As ever the ermine knew!"



THE darkness falls, the wind is high,
Dense black clouds fill the western sky;
The storm will soon begin;

The thunders roll, the lightnings flash,
I hear the great round rain-drops dash-
Are all the children in?

They're coming softly to my side;
Their forms within my arms I hide-
No other arms are sure;
The storm may rage with fury wild,
With trusting faith each little child
With mother feels secure.

But future days are drawing nearThey'll go from this warm shelter here Out in the world's wild din;

The rain will fall, the cold winds blow, I'll sit alone and long to know

Are all the children in ?

Will they have shelter then secure,
Where hearts are waiting strong and sure,

And love is true and tried?

Or will they find a broken reed,

When strength of heart they so much need

To help them brave the tide?

God knows it all; His will is best;
I'll shield them now and yield the rest
In His most righteous hand;
Sometimes the souls He loves are riven
By tempests wild, and thus are driven
Nearer the better land.

'If He should call us home before The children go on that blessed shore, Afar from care and sin,

I know that I shall watch and wait, Till He, the keeper of the gate,

Lets all the children in.


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The blackbird golden-billed

As piping plain,

"Hope, hope, again!”

Till my heart's grief be stilled. ALFRED PERCIVAL GRAVES

-The Spectator.


UNDER the trees my Heart and I together
Await the step that neverinore will come;
Await the greeting word forever dumb!

I know not how-whether we dreamed or whether
My Heart and I, seeing the new-blown heather,
Took hope from its full glory; or the sum
Of earth's wide joy, moving our pulses numb,
Drew us abroad into the sweet warm weather.
We conned the lesson well, long, long ago,
My Heart and I-we conned the lesson well
In summer heats, in winter's stubborn cold!
That he will come no more, we know, we know;
Yet we expect him more than tongue can tell,
And listen for his coming as of old!
-The Independent, June 26, 1890.


WHY need I seek some burden small to bear
Before I go?

Will not a host of nobler souls be there,
Heaven's will to do?

Of stronger hands, unfailing, unafraid?
O silly soul! what matters my small aid
Before I go?

I tried to find, that I might show to them,
Before I go,

The path of purer lives: the light was dim-
I do not know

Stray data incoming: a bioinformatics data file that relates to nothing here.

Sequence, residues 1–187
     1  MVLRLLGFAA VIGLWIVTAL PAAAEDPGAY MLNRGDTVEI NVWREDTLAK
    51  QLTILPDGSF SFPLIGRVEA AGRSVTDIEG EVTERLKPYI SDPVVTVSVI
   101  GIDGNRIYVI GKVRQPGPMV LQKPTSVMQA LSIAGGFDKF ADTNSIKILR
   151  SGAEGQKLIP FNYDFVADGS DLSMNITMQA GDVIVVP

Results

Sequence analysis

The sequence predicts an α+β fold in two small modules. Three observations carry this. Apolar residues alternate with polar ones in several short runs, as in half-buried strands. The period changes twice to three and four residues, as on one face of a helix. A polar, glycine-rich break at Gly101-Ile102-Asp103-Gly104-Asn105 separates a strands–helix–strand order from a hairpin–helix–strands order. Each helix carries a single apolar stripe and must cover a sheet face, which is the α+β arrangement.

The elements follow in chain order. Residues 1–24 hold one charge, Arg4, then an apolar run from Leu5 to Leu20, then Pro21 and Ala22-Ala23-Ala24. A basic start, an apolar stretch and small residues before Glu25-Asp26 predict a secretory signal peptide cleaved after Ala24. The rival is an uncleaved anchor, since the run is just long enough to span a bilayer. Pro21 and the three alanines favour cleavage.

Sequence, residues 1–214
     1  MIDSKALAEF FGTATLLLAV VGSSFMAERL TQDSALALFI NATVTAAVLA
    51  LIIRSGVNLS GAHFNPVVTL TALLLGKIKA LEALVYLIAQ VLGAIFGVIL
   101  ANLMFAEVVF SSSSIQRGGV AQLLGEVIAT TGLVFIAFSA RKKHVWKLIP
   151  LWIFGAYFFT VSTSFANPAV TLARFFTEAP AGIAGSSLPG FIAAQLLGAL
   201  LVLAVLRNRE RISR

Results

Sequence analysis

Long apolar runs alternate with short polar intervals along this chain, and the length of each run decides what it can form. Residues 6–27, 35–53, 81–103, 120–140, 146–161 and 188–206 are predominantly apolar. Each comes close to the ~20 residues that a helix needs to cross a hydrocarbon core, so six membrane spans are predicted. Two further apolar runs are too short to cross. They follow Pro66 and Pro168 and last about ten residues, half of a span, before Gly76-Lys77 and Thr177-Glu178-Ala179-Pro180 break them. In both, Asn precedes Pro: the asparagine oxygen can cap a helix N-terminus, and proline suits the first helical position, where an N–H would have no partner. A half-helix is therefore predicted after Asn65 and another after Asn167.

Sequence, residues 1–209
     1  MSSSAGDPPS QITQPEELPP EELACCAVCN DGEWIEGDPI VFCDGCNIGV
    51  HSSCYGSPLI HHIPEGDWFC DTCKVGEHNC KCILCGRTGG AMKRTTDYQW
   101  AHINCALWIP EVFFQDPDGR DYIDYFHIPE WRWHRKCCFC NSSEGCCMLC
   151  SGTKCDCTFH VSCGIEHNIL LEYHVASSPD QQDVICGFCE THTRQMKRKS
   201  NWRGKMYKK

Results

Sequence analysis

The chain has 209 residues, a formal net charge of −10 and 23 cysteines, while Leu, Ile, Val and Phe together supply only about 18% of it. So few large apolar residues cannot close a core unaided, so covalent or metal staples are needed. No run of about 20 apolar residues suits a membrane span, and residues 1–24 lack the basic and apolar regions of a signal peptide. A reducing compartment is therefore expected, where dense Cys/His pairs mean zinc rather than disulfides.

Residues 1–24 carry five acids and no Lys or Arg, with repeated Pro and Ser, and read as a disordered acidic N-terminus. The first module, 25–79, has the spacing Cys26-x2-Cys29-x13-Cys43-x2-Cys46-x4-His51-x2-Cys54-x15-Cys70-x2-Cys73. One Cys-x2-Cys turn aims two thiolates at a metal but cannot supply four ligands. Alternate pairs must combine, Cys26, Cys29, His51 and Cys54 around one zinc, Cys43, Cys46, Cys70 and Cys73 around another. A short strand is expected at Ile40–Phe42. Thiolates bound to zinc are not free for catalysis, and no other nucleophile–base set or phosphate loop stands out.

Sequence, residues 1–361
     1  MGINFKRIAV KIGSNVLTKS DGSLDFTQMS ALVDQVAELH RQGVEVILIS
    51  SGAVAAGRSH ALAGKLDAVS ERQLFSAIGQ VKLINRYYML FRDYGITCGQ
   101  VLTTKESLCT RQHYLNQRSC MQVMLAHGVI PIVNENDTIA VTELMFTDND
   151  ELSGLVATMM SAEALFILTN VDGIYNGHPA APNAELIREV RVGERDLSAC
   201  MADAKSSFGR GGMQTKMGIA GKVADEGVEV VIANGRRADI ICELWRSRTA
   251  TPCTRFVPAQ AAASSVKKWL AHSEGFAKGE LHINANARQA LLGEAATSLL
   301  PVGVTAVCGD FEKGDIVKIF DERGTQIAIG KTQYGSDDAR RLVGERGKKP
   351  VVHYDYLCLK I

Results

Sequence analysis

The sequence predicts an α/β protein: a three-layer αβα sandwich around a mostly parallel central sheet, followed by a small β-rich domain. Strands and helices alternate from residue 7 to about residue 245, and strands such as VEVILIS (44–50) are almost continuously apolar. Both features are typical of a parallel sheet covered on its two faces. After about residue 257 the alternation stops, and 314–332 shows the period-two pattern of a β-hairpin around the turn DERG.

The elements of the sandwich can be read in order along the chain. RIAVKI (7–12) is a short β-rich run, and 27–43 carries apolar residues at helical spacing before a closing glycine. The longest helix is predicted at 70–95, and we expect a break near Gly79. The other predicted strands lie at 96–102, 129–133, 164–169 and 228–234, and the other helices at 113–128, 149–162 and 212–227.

If I had found some footprints of the way;
It is too late their wandering feet to stay,
Before I go.

I would have sung the rest some song of cheer,
Before I go;

But still the cords ring false; some jar of fear
Some jangling woe,

And at the end I can not weave one chord
To float into their hearts my last warm word
Before I go.

I would be satisfied if I might tell

Before I go,

That one warm word,-how I have loved them well, Could they but know!

And would have gained for them some gleam of


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(To Mrs. John T. Mygatt.)

SORROWFUL mother, with tear-wet face, Thinking perchance of your boy to-day, Seeing only his vacant place,

Missing the form you have laid away,
Though friends are loving and kindred kind,
What an empty world he has left behind.
'Tis the house of mourning, the children call
In vain for the father that can not come,
The cloud of sorrow hangs like a pall
Over your beautiful, happy home,

So loved, so lovely, your only son,
God help you to say, "Thy will be done."

Look from the sorrow, the darkness and gloom,
Think of the Home where he is to-night,
Not of the form in the silent tomb,

But the glorified spirit, so happy and bright; Sorrowful mother, you still can say:

'Tis the Lord who has given and taken away. MAGGIE GRIFFIN NOBLE.

-Binghamton Republican.


I GIVE my time, my song, my life to Toil,

My brow of bronze, my arms of brawn, are hers, For her alone each willing muscle stirs; For her I guide the plow and delve the land, For her my brow is wet, my face is tanned. Sweet labor, brown-cheeked as the chestnut burs, Thy lightest law my lagging spirit spurs, And under heat and burden bids me stand. So, in thy name the old line-fence I scale,

Just where the whispering maple shades the place;

I mount the panel with the softest rail,
And let the light winds fan my patient face;
And there where birds and moments idly flit-
I sit, and sit, and sit, and sit.

-Brooklyn Eagle.



DANTE, Sole standing on the heavenward height,